Jordan Belfort is the real life Wolf of Wall Street, the latest Hollywood blockbuster movie where Leonardo DiCaprio gives us an inside glimpse into the life of a stock broker who amassed a large fortune by duping thousands of clients to invest their life savings in sinking stocks.
The currently popular movie is based on the memoir that Belfort put together while serving time in prison. Belfort was indicted in 1998 for securities fraud and money laundering and served 22 months in federal prison for his crimes.
How did one man gain the trust of so many investors and swindle $110.4 million in such a short time?
Belfort’s memoir goes into great detail, explaining a system that seems almost destined to be turned into a Hollywood movie.
Always the entrepreneur, Belfort started his first business as a teenager, selling Italian ice during the summer, where he had his first taste of success – amassing $20,000 profit in only three months.
In the years that followed, he tried his hand at several other businesses – all of which failed. He took a job as a “connector” at L.F. Rothschild, a merchant and investment banking firm that was later a casualty of the 1987 stock market crash.
A connector is responsible for connecting with new clients and focusing on the quality of relationships with clients and customers – ensuring repeat business and gaining valuable referrals.
Dissatisfied by the pay differential he was receiving in comparison to the stock brokers he worked alongside, Belfort left and found work at several different firms over the next few years – all the while, honing his sales pitch skills and learning how to gain the trust of his clients.
He formed his first company in the early 90s, a brokerage firm known as Stratton Oakmont. The company grew quickly, due to word of high success rates and the huge cash-earning potential of being employed there.
The 2000 movie, Boiler Room, is loosely based on the story of the Stratton Oakmont firm and life of Jordan Belfort.
Over 1,000 stock brokers were employed at Stratton Oakmont – many of whom were out of work brokers, best friends and relatives – all poor and desperate to live the life of the wealthy. The goal of every broker was to “pump and dump” – a fraudulent practice of encouraging investors to buy shares in a company in order to inflate the price artificially, and then selling one’s own shares while the price is high.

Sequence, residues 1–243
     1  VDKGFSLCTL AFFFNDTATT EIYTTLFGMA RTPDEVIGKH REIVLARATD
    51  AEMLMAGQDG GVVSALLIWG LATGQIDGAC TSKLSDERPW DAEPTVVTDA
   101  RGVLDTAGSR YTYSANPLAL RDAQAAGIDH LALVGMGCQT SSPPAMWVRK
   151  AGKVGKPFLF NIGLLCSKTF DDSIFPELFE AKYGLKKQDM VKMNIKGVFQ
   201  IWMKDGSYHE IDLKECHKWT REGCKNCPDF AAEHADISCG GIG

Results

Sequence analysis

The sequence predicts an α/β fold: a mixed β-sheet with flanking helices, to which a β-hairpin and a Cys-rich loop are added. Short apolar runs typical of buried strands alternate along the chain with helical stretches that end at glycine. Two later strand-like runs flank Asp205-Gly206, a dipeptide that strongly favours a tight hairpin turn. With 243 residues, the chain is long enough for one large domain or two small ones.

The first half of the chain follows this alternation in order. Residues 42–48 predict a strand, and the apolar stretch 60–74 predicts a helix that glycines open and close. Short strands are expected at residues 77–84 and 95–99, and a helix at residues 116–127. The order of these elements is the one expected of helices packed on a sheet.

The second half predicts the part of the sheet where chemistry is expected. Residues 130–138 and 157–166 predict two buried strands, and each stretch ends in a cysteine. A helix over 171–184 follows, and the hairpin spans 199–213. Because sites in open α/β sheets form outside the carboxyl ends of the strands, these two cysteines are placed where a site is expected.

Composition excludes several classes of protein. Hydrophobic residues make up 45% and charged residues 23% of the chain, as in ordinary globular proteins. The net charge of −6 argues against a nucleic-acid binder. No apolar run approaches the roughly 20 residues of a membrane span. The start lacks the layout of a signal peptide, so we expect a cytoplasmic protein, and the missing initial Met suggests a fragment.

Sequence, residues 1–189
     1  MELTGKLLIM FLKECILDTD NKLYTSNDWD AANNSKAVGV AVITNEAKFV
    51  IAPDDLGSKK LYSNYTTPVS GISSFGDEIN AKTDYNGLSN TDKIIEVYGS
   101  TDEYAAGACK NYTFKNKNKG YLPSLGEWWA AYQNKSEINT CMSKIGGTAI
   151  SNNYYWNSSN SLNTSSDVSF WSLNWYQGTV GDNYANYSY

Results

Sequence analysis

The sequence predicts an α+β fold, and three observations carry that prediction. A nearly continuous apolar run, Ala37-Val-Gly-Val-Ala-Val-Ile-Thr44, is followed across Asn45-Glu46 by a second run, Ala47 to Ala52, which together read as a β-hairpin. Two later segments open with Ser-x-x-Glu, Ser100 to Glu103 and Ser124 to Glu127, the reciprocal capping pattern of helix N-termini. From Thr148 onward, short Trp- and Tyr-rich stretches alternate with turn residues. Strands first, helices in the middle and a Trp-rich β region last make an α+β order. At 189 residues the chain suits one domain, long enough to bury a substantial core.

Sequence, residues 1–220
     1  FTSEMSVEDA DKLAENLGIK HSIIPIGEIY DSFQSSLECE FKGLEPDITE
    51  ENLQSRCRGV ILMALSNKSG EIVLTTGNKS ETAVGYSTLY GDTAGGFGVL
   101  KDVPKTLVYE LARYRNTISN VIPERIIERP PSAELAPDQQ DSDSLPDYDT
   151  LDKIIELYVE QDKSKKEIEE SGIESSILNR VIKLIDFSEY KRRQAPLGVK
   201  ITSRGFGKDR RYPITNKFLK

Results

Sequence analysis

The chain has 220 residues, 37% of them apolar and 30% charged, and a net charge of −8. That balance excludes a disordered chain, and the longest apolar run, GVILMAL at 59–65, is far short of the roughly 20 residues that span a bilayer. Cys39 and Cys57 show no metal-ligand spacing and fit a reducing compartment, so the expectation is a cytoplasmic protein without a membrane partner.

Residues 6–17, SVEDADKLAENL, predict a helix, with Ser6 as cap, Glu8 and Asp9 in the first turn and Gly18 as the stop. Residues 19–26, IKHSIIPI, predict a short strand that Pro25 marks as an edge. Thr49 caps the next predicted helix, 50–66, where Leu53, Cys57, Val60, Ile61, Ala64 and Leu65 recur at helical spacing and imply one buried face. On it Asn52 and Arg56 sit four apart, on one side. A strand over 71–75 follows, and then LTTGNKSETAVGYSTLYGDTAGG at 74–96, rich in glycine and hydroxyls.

Eager clients would cash out their children’s education funds, put a second mortgage on their homes and cash in their 401K to afford the opportunity that Stratton Oakmont promised as a “once in a lifetime” – a sure way to get rich. The firm retained 1,513 clients – many of whom lost their life savings or had to give up their small businesses as a result of investments placed with Stratton Oakmont.
As depicted in the recent movie, Belfort and his employees lived lavish lifestyles, engaged in unruly office behavior such as snorting cocaine while at work, and wasted money on frivolous purchases. Belfort developed an addiction to Quaaludes and a party-lifestyle that was becoming more and more out of control. His memoir details experiences such as crashing a helicopter and sinking a yacht. He also reports kicking his wife down a flight of stairs and trying to kidnap his own children while under the influence of drugs.
As Belfort became wary of allegations now being made against him, he began collecting money in off-shore accounts and smuggling cash to Switzerland. The FBI began their investigation along with the U.S. Securities and Exchange Commission and in 1994, Belfort was banned from the securities industry. He would later learn that several of his accomplices were undercover agents for the FBI.
With over $200 million in investment losses, Belfort was ordered to serve four years in prison and pay back $110.4 million. The sentence was reduced to under two years for his cooperation in ratting his colleagues out – wearing a wire while setting them up in working with the FBI.
While in prison, Belfort was cell-mate to Tommy Chong of the popular Cheech and Chong fame. It was Chong that encouraged Belfort to turn his story into a memoir.
Having served his time, Belfort was released from prison in April, 2006. So far, he has repaid only $21,000 of the $110.4 million he was ordered to repay his victims for restitution. The court has also mandated that 50% of all future earnings go to his victims.
Today, Jordan Belfort is a highly sought-after motivational speaker and he’s seeing great success with his new company, Straight Line, which focuses on sales psychology.
Belfort claims to be making no money off the recent film, The Wolf of Wall Street.
For the record, I am not turning over 50% of the profits of the books and the movie, which was what the government had wanted me to do. Instead, I insisted on turning over 100% of the profits of both books and the movie, which is to say, I am not making a single dime on any of this. This should amount to countless millions of dollars and hopefully be more than enough to pay back anyone who is still out there.
Prosecutors argue that Belfort is lying and is instead, living off book royalties and film right money. Furthermore, they contend that his new career is only possible because of the crimes he was convicted for. While the prosecution fights for the money that Belfort still owes, they further note that Belfort is now living in Australia and using the country as yet another loophole to keep him from repaying American citizens.
As Belfort continues to be immortalized by Hollywood, he is certain to increase the worth of his new empire and like it or not, he’s making a case that crime does pay.